Tuesday, April 19, 2011


On April 18 in 1775, the American Revolution, a.k.a. the War of Independence, begins when the British advancement by sea begins, as Paul Revere and other riders warn the countryside of Redcoat troop movements. In 1783 -- eight years later to the day! -- the final few flare-ups of combat come to an end, signaling the final chapter in the American Revolution.

On this day in 1958, a United States federal court rules that American poet Ezra Pound should be released from St. Elizabeths Psychiatric Hospital, the asylum where he'd been held since the end of World War II for making pro-Fascist broadcasts on behalf of Mussolini, among other insults to The Powers That Be. Prior to the First World War and for a short while after it, Pound had been one of the most -- if not the single most -- influential Western intellectual in the Modern tradition. He helped usher in the carreers of everybody from T.S. Eliot and James Joyce to Robert Frost and Ernest Hemingway. Blaming the meatgrinder slaughter of World War I on international capitalism and usury, he devoted his life to seeking out a more equitable monetary system and finding an alternative, more mystical view of life. He thought he'd found the latter in Fascist Italy. He was wrong, with tragic results.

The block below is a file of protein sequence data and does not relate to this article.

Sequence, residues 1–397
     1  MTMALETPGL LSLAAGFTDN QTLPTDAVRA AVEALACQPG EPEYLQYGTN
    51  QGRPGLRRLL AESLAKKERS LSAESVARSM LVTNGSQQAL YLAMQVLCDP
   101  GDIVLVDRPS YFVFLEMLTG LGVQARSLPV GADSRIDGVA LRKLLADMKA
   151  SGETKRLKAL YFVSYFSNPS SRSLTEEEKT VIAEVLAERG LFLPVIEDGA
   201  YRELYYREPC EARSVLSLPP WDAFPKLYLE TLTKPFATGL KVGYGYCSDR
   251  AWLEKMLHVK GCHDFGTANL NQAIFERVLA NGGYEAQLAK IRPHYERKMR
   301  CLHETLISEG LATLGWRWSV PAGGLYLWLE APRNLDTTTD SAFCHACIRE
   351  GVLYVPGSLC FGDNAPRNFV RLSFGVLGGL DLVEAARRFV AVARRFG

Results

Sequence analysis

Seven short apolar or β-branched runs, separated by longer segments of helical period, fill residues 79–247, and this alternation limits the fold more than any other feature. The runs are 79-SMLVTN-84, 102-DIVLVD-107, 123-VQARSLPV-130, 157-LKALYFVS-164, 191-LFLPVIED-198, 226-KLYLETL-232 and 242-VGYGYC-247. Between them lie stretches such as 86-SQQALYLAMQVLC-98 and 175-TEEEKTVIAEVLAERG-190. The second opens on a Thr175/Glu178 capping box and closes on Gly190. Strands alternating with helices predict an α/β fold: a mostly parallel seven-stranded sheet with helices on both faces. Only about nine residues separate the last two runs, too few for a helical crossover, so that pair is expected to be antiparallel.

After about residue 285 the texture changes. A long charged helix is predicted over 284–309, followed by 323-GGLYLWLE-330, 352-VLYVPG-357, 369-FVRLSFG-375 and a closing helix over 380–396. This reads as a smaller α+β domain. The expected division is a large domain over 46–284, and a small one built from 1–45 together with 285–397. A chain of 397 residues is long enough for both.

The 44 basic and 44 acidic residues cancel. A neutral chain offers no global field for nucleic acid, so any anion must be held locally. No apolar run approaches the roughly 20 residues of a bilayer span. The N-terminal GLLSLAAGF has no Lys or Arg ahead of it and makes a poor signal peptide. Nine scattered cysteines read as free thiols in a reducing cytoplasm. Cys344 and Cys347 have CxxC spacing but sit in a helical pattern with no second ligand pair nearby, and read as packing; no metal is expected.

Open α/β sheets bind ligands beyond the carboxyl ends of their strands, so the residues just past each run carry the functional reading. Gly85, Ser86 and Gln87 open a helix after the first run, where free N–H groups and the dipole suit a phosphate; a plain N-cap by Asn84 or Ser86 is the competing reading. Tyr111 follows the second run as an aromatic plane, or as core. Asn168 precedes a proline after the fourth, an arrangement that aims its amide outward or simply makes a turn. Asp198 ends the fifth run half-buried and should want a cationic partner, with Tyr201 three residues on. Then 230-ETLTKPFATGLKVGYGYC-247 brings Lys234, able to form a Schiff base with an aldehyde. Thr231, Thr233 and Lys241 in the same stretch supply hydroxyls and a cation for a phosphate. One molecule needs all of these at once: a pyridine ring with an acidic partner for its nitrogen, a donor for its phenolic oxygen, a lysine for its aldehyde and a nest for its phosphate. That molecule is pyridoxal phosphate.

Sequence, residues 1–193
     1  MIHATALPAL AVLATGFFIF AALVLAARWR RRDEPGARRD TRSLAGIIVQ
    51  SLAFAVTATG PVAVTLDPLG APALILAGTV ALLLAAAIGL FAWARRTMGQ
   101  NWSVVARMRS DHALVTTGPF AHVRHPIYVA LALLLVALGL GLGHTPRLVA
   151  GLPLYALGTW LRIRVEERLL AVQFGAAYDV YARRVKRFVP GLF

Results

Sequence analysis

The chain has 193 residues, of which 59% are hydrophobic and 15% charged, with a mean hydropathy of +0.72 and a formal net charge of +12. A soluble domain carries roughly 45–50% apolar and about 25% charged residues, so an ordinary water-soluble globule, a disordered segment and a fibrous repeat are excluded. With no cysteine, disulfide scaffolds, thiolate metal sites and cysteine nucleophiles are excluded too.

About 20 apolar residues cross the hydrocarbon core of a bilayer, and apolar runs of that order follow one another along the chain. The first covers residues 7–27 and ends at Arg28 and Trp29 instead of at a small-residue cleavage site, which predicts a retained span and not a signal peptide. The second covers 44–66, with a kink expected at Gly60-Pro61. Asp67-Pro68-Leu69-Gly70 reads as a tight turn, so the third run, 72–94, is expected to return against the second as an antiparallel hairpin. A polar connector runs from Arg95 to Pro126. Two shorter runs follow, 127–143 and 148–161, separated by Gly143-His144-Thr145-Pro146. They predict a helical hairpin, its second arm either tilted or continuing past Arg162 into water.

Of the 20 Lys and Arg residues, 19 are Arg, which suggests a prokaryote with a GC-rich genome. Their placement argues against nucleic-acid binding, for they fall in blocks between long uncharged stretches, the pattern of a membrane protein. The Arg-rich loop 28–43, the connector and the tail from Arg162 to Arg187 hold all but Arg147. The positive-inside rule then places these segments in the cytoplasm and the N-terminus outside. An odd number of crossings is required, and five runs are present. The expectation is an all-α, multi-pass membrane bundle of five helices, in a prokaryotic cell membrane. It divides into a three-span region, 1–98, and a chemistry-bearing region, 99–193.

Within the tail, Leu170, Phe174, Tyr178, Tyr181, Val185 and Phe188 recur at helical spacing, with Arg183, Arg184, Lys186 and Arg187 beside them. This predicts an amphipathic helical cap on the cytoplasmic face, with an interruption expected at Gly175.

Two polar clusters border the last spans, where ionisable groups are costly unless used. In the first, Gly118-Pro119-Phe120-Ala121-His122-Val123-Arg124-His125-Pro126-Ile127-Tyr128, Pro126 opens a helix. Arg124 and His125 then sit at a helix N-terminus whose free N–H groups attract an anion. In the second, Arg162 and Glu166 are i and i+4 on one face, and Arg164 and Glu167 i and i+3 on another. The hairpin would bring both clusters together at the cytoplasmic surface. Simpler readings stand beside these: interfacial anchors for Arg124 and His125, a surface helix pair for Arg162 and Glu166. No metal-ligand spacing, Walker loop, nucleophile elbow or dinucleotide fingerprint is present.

Relating to the above post: Earlier this month, I wrote that I was willing to give Ayn Rand's novels a chance because simply being an awful person doesn't mean one will produce awful literature. In Rand's case, unfortunately, the literature really is almost as awful as the human being who produced it. Pound, on the other hand, is one of those glorious exceptions... a vile man who was capable of producing transcendent, glorious writing. As Hemingway said of his works: "The best of Pound's writing -- and it is in the Cantos -- will last as long as there is any literature."

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